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Day 39: June 8th, 2010

Funny Games

Takes Hostel & Saw And Turns It Into An Art Form.

A family head up to their vacation home when they are interrupted by two young polite boys who want to play vicious and dangerous games with them. The games result in the cost of people lives, as the family is taken hostage.

This is of course the American remake of the same film from the same director. Not only is it a remake, but it takes the Gus Van Sant route and makes the film a shot for shot remake. The film stars reservoir dog Mr. Orange himself, Tom Roth. The blonde and beautiful Naomi Watts and the always memorable Michael Pitt. Funny Games manages to take the act of violence and make us want to turn our heads. We go see the films like Saw and Hostel wanting to see the disgusting depravity of it all and Michael Haneke uses this to his advantage and play off that notion in the film. We as the audience expect one thing and are given another.

Another film I recently reviewed was Martyrs, which showed us the lead characters and how they had no hope at all of ever surviving. I didn't like that and how it was represented in the film, I had a hard time trying to connect to the characters knowing they were stuck in such a horrible place. I gave the film kudos for making me squirm. Funny Games didn't make me squirm but it did have the same feel for the characters. The moment you know everything is going to end badly is when Paul (Michael Pitt) turns to the camera and talks directly to the audience. This is further proved when the odd yet fascinating scene in which he literally rewinds the film to change the outcome of some events. This tells us that these two characters are in control of everything. Everything they choose to do to the family and everything they choose to let us see. The last shot of the film is very striking.

Michael Haneke knew exactly what he wanted to do with the film and when he first released the original back in 1997 he was quoted as saying "if the film was a success, it would be because audiences had misunderstood the meaning behind it." I can see traces of that in the film. He knows we as a society are desensitized to violence, so he made the film come off as such. But instead of the film being violent, it's merely about violence itself. Every death takes place off screen and when we finally see the image of blood, it's more striking because of the restrain used earlier. Long still camera shots are used to let the audience sit uncomfortably, waiting to cut away to another shot. We are stuck with the images of the characters in their most humiliating moments.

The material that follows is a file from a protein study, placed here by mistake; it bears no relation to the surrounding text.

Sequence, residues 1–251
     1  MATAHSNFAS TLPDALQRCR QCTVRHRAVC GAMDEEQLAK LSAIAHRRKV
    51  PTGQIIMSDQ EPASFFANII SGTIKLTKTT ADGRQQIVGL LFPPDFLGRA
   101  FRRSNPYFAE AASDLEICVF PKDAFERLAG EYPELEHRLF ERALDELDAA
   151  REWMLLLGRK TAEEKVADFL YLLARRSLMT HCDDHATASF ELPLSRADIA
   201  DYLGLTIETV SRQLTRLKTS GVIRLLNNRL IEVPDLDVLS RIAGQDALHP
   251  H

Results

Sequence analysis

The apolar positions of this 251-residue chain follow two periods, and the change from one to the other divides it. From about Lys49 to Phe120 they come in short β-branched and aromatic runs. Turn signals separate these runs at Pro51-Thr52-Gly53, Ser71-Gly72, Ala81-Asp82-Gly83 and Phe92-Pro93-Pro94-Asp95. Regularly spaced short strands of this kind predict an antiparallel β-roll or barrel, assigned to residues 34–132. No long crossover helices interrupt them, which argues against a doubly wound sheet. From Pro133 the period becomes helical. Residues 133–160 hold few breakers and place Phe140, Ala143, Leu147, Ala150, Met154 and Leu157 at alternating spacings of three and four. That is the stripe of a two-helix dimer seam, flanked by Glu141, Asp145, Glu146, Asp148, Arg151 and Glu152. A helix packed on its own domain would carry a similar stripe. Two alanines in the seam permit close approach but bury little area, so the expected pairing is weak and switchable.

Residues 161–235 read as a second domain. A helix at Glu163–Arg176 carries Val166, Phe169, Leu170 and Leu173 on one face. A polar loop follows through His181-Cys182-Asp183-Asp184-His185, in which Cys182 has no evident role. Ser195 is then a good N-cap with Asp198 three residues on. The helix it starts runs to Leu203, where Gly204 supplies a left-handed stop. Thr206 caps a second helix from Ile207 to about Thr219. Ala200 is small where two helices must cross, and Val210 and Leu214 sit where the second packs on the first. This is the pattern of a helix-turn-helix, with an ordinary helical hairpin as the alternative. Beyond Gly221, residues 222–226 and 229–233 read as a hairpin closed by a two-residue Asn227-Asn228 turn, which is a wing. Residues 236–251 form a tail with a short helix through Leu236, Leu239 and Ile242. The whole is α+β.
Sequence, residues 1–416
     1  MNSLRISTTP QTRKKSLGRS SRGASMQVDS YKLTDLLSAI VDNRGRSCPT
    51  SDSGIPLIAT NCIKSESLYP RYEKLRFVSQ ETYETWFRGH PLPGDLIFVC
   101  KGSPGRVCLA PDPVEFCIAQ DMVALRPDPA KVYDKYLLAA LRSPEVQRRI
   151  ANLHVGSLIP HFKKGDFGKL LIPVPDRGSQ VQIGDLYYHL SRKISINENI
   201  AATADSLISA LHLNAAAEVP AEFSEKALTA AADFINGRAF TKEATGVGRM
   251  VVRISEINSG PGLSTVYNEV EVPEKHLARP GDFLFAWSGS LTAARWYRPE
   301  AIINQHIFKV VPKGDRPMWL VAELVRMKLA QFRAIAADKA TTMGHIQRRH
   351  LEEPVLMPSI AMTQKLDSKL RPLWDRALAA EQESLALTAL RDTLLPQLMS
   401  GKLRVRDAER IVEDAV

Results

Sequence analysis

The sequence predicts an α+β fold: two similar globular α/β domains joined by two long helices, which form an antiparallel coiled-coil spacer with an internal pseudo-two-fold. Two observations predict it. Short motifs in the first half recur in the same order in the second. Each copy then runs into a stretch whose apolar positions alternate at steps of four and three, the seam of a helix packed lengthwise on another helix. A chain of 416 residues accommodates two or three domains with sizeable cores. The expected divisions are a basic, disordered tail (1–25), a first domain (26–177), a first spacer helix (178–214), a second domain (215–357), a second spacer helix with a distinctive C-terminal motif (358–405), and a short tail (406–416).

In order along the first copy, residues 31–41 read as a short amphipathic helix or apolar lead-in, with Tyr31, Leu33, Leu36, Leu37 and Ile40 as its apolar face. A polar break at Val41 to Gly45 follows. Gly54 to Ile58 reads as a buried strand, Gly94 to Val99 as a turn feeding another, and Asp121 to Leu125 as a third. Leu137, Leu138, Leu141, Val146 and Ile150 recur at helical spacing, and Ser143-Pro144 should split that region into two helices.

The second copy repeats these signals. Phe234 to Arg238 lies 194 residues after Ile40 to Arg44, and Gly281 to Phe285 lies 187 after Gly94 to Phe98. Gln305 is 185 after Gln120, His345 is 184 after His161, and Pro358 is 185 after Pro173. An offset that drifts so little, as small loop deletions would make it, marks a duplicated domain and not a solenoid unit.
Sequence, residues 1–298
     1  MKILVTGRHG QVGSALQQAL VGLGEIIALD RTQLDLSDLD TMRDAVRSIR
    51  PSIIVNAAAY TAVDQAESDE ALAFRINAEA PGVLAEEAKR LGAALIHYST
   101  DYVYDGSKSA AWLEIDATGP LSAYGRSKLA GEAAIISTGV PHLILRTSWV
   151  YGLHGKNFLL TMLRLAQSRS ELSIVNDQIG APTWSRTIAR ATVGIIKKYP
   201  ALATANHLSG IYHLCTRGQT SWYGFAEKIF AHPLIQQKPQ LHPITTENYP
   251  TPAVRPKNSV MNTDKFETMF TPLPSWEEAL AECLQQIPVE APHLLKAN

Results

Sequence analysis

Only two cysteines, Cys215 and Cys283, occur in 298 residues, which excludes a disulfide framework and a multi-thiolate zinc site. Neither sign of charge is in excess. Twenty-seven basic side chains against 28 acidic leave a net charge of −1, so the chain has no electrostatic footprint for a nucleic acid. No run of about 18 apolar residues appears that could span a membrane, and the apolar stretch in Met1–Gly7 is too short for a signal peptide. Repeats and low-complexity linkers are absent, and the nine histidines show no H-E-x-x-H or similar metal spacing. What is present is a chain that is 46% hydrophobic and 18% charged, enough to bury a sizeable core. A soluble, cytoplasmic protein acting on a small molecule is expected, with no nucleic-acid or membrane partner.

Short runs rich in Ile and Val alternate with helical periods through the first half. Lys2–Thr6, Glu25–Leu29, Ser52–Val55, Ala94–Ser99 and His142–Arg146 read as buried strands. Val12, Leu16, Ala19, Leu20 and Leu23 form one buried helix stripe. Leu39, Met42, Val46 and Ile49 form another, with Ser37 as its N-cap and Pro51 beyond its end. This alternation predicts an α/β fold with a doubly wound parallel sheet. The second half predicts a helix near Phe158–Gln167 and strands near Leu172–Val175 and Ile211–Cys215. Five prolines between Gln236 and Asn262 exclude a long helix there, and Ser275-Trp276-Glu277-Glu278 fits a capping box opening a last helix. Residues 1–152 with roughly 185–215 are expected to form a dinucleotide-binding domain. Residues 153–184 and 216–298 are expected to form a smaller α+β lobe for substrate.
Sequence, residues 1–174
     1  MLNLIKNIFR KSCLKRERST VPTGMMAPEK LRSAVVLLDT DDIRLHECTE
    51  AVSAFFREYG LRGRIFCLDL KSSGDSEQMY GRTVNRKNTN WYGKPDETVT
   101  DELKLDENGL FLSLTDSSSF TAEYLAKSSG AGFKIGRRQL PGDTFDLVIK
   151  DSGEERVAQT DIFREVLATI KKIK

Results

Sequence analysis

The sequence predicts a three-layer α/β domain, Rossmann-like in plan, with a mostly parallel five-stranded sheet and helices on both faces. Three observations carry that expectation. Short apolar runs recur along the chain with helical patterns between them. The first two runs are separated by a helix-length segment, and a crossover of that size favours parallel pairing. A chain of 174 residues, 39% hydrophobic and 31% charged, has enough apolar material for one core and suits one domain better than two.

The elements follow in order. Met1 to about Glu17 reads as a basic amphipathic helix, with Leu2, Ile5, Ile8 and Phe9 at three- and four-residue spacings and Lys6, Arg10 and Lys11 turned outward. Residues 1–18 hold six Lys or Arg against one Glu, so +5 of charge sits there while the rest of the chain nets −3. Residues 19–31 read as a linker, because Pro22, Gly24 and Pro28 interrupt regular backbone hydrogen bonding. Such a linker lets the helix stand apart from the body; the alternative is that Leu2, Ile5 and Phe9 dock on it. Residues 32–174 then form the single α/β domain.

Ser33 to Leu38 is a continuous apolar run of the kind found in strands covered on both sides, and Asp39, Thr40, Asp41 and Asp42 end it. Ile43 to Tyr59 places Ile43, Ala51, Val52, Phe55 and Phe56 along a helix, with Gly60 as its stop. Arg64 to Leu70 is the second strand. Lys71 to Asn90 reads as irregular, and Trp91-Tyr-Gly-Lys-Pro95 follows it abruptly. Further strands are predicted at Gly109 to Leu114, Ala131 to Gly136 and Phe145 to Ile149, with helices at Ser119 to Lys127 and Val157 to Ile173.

The two antagonists, are young boys dressed in white. Another play on societies conventions of good versus evil, black versus white. They are extremely polite, instead of rude and abrasive. The small things these characters say have such a sinister feel to them, even if they are the most harmless words. Suddenly a line like "I'm sorry, I've been so clumsy, I do apologize" feels as if he is threatening and about to do harm. They are always calm, cool and collective.

Funny Games is something of an experiment and Haneke is the one who is either laughing or disappointed. He knew what he wanted and he got it, whether or not we know of it. I won't bother seeing the original, as reviews state they are identical aside from the obvious (Language and Actors). Funny Games as a film is directed with precision and acted strongly from the entire cast. Even the young boy surprised me. At times I was reminded of Mr. Orange screaming on the floor in agony because Roth uses that same high pitch voice. I know there are people out there who detest the film, which is why it works. If you love it, you're sick, if you hate it, you missed the message. If you think you got the message, you probably didn't. Me? I don't know exactly how I feel about it, I do know I didn't hate or love it. I guess I'm that anomaly in the equation.